Procurement bottlenecks continue to impact capex - EPOC
Jamaica's fiscal performance remains positive, driven by better than expected tax revenue inflows attributable to improved tax compliance as well as improvements in macro-economic factors and less-than-anticipated government expenditure, according to co-chairman of the Economic Programme Oversight Committee (EPOC), Keith Duncan.
However, with capital expenditure of $29.9 billion for the fiscal year to December at $5.4 billion or 15.3 per cent lower than budget, Duncan said the slow implementation of projects was in part occasioned by procurement bottlenecks, including bureaucratic red tape.
He said that while EPOC will continue to monitor government expenditure, and in particular capital expenditure given its importance as one of the main drivers of economic growth, the Economic Growth Council was focused on getting the government's procurement process to be more efficient to improve the business climate.
EPOC has in the past expressed concern about the previous government's ongoing cutback in capital expenditure to help to meet the primary surplus under the economic support programme with the International Monetary Fund (IMF).
For the fiscal year to December, Jamaica generated a primary surplus of $76.6 billion, exceeding the December 2016 target of $54 billion by $22.6 billion, or 42 per cent, said Duncan, who released the third communique of EPOC at JMMB's offices in New Kingston yesterday.
Current members of EPOC are monitoring programme targets under Jamaica's three-year precautionary standby agreement (PSBA) with the IMF.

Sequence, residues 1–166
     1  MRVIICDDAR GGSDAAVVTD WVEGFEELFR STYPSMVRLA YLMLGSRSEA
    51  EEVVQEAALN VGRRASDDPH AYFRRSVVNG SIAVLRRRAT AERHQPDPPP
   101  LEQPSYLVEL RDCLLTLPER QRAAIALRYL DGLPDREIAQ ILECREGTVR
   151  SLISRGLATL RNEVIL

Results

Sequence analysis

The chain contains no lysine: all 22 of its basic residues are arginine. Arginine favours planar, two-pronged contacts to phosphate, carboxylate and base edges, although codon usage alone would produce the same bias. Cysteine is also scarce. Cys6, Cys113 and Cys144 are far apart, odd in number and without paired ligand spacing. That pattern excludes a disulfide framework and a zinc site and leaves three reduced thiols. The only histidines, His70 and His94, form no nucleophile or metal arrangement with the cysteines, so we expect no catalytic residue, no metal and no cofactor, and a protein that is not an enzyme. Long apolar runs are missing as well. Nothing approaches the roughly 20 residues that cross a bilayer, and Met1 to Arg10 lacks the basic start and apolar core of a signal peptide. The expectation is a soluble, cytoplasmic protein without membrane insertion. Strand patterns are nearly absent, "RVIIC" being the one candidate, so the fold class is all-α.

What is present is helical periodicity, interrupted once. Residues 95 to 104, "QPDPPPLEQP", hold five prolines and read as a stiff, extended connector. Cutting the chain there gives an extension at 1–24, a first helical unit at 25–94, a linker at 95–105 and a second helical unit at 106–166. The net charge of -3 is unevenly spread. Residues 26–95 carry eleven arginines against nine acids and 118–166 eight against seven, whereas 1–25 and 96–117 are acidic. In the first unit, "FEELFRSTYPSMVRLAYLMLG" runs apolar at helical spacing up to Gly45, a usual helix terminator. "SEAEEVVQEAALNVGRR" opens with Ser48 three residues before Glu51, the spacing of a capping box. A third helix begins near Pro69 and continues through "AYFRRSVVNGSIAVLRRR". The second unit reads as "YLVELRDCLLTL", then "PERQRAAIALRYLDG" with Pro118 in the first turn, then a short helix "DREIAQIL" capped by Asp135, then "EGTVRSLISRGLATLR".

Duncan said tax revenue intake remained buoyant with collection of $322.1 billion for the fiscal year to December, exceeding the target of $300 billion, but total expenditure trailed the target of $384.7 billion by $9.2 billion or 2.4 per cent.
Non-borrowed net interna-tional reserves stood at US$1.66 million at the end of December, exceeding the target of US$1.41 million, while the calendar year inflation rate of 1.7 per cent was well within the target range of one per cent to nine per cent.
The Government has met the two structural benchmarks for the review period, namely, appointing two external members to the Financial System Stability Committee and submitting to Cabinet proposed new rates and bands for property taxes based on the 2013 land valuations.
As to whether the submission to Cabinet of the property tax rates and bands is an indication that the Government might implement it in the upcoming fiscal year, Duncan said "we know there had to be a review done. In terms of if that will be one of the measures that is implemented, I can't say."
He said the Government is on track to meet both financial sector-related structural benchmarks for the January to March 2017 quarter, that is, to issue for public comment by this month a consultation paper for a resolution framework for systematically important financial institutions in the event of failure, and to establish a financial inclusion council by March.
Duncan said EPOC concluded that Jamaica's economic growth continued to be positive and that was underlined by a stable Jamaican dollar and very moderate inflation rates.
According to the Bank of Jamaica foreign exchange trading summary, the Jamaican dollar traded at$127.96 to the United States dollar on Monday, continuing its gradual appreciation from the $129 mark.
"With the positive trajectory in the fiscal and monetary results and the sustained success in meeting the timelines for the structural benchmarks and measures under the PSBA, we are very hopeful that we will continue to build on this solid platform going into the second review period ending June 2017," EPOC said.
Duncan said it is expected that the IMF team will be conducting the first review of end-December 2016 performance criteria between this month and March.